How do you line up the universal joint pin hole with the drive shaft? The drive shaft hole is about an eighth to three 16th of an inch too far back.
This is a 1912 engine transmission if that helps - two piece. Drive shaft was rebuilt so it is new inside.
I am about to remove the universal joint housing from the engine side because bolting the drive shaft to the housing did not pull it forward.
Any thoughts are appreciative.
Early parts might make it difficult, don't have experience with early 2-piece unit. But I have found the repro driveshaft isn't within spec of the hole distance anyway.
Compare new repo on left, Ford original on right.
I had the same problem when I put new drive shaft in my 26. I remove the pinion gear and installed the U joint then put the shaft back in the torque tube and put the pinion gear back on.
that has to line up because it is what controls the end play in the shaft, and the pinion gear depth. figure out which hole is correct, then either face off the bushing in the tube, or take some off the u joint, which ever needs to move. if you did the rear axle at the same time, drive shaft is first to do as you need the assembled unit to set the gear clearance in the rear end.
If you replaced the front bushing in the torque tube, you need to face the bushing.
I ground down the u-joint end that butts up against the bushing in the drive shaft and put the pin through. It now fits snug.
But the u-joint housing plug hole does not line up. If I widen the hole it will strip the threads.
This is absurd. Any suggestions for this problem. I would rather not take the drive shaft apart if I can help it.
You could drill the U joint with a relocated hole to match the improperly made drive shaft on the other plane. I agree, it does seem absurd that the hole is improperly located.
like larry s. said, if the bushing never got faced to fit, there may be nothing wrong with the parts
Do you have the Ford service manual?
I have a 15 and in it's other life it was used for pulling implements that were attached to the rear housing and this caused the cross member to be out of line and therefore the bell and universal would not come together. I had to realign the cross member with considerable force to make things fit, just a thought.
My guess is that you could leave the pin out and it would be just fine. On the rear axles I have dismantled, they all have been in two pieces. If the bushing is not faced then the whole assembly would likely be jammed together when you install the rear axle.
The hole in the drive shaft may indeed be miss located but the picture in the post above doesn't prove anything. I say that because the square upper end of the driveshaft simply slips into the ujoint enough to engage the thing and then the pin holds the ujoint to the driveshaft hopefully in the exact location necessary for the large ball housing pivot center to be concentric with the ujoint pivot axis. The ujoint hole location is called out as an exact distance from the top of the shaft pinion gear mating taper at the pinion end of the shaft to the center of the ujoint pin hole. This defines the exact location and the amount of metal from that hole to the upper end of the driveshaft as pictured is not critical. Measure the distance the correct way on both shafts and then see how far off it is if any before you redrill the shaft or you may be further off than when you started. The exact dimension on the Ford drawing of the driveshaft says 51.245/51.255 Go measure again or you might be sorry. I don't think the maker of the driveshafts has the factory drawing or else if they do they certainly decided to omit some of the details.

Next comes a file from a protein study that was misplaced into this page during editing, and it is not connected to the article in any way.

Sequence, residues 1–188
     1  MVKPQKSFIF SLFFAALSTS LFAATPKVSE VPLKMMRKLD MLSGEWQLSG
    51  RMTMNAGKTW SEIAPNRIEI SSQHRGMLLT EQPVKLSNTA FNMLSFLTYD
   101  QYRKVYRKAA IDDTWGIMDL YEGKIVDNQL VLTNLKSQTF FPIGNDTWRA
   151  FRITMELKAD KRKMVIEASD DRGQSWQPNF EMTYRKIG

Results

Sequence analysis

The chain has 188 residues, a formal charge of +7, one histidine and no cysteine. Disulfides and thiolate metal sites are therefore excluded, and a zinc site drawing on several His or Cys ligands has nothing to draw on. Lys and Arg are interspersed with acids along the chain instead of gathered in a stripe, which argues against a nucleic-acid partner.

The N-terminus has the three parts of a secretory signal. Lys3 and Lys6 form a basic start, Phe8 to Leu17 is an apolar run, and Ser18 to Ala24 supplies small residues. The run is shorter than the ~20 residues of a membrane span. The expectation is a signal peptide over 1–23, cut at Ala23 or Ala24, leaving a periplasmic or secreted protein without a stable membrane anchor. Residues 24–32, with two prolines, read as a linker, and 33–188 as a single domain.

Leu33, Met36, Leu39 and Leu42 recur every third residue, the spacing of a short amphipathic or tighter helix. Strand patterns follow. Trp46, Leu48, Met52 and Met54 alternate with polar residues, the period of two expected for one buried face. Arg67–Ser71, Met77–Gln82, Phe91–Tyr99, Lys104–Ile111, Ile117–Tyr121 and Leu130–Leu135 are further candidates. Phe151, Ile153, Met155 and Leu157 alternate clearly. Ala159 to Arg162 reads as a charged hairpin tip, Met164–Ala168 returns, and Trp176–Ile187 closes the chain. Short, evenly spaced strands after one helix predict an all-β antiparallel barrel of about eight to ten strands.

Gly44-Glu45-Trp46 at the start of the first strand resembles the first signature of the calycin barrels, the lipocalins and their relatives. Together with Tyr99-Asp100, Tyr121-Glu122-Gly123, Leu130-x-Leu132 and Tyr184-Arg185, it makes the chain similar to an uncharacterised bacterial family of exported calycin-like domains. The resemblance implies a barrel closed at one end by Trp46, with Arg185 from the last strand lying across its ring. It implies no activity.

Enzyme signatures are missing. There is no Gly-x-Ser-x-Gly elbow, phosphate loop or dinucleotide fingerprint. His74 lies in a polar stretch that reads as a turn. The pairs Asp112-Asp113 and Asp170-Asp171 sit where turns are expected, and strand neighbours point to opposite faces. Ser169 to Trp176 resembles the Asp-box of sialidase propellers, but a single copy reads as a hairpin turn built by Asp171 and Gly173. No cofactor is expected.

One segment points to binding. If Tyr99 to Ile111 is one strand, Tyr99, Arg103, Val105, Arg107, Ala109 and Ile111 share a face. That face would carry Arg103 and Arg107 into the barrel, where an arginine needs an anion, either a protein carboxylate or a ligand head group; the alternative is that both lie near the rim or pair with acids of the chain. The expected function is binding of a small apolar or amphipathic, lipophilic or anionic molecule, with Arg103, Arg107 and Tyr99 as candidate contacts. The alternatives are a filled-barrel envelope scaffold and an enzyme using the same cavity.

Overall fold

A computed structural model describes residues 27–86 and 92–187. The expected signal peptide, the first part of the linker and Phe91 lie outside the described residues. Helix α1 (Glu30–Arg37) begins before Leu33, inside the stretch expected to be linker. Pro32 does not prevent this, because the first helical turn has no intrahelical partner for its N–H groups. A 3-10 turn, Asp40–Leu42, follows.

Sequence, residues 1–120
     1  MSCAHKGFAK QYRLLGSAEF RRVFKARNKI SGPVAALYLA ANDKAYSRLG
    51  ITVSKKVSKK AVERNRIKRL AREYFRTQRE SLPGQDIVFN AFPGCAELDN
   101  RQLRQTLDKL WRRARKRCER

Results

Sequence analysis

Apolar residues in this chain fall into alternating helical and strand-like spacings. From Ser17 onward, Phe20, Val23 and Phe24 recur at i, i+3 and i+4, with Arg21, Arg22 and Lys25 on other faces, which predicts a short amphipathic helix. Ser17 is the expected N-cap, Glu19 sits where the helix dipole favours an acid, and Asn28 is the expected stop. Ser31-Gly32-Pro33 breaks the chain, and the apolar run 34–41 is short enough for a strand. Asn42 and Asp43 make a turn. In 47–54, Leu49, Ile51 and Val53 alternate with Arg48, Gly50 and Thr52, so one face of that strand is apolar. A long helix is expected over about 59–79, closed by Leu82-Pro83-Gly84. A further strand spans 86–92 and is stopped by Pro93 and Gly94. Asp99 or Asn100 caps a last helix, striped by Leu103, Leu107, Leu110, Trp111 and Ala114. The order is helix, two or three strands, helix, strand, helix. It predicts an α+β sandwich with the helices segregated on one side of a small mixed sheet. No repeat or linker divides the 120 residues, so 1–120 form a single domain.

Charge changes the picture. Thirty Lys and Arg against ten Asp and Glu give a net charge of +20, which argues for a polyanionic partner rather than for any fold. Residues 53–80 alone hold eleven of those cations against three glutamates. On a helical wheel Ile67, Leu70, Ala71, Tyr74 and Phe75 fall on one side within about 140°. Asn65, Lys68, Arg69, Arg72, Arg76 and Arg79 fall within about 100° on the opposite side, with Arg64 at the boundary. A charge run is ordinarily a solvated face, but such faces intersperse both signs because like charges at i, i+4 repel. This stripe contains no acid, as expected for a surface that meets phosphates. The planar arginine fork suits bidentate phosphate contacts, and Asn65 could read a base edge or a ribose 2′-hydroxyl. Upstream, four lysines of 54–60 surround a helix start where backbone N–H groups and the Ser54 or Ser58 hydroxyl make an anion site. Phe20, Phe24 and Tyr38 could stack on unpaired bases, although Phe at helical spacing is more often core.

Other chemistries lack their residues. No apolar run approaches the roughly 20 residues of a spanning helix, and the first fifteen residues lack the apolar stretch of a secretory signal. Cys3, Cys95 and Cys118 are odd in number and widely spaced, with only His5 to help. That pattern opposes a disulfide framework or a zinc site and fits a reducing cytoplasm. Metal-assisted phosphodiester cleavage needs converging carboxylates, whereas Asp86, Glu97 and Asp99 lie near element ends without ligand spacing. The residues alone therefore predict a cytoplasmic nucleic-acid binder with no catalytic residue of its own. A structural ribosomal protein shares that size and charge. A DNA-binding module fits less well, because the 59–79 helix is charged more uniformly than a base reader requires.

If using the modern pinion bearing set up, I do not pin the u joint, many disagree but after thousands of miles I have had no problems. KGB
I used a Fun Projects pinion bearing set up and a new drive shaft from Lang's in my '26 rear end rebuild. No problems. The hole lined up perfectly. Would there be a difference in vendor drive shafts? I replaced my drive shaft bushing but didn't have to face it thanks to the pinion bearing.
I respectfully disagree since if the ujoint slides forward or rearward from its correct location and there is a sudden change of the rear end to frame height the ujoint will then need to be "squirted" forward or rearward and it could move with some pretty heavy force depending on how far away from the correct position it is at that time. The upper end of the driveshaft is not hardened and was not designed as a slip joint. Lot's of things seem to work well without issue for a time on some cars. I kind of see it like playing Russian Roulette. Even though a gun might have a hundred cylinders the game isn't safe but could appear to be safe for a long time. Ultimately it is up to the restorer to decide.
Unfortunately there have been quite a few differences in the repro drive shafts over the years. They seem to be made right for a time and then the formula seems to get lost for a time. You don't have to provide a "precision" face thickness on the upper bushing when using the modern setups typically but you do need to make sure that the bushing surface is not interfering with the positioning of the drive shaft spool at the bottom end of the driveshaft. The back end of the ujoint should not be tight against the bushing face when you pin the ujoint to the drive shaft. The pin locates the ujoint at the correct upper end position on the drive shaft and the taper locates the gear at the other end so that all is correct lengthwise.